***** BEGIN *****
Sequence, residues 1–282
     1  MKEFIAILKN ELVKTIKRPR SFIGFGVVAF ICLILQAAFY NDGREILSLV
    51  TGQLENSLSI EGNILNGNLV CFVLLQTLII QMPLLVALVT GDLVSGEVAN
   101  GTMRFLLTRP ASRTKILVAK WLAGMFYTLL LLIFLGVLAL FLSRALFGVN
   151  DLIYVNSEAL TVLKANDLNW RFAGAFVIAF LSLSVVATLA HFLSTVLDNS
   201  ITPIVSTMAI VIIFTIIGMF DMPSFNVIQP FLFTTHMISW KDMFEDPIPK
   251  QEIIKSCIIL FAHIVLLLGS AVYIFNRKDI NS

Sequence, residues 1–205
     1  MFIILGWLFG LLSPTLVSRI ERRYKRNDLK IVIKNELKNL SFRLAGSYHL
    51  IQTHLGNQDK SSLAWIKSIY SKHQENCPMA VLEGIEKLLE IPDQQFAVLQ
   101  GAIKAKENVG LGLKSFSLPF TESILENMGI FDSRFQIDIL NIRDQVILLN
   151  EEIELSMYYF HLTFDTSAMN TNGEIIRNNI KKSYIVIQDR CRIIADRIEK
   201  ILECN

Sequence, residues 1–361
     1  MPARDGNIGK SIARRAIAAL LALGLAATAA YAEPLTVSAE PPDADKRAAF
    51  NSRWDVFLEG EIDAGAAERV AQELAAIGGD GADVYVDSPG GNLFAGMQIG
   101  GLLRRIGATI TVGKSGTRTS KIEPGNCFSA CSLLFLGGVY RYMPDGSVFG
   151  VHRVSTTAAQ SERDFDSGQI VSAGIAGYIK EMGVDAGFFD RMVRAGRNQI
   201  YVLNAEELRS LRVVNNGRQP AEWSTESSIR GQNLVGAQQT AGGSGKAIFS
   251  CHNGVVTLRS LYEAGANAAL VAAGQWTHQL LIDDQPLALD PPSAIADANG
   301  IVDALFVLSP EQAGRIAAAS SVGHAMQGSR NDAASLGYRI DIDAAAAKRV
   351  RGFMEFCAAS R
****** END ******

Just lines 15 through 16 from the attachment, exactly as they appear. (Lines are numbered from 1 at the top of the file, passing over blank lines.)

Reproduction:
     1  MPARDGNIGK SIARRAIAAL LALGLAATAA YAEPLTVSAE PPDADKRAAF
    51  NSRWDVFLEG EIDAGAAERV AQELAAIGGD GADVYVDSPG GNLFAGMQIG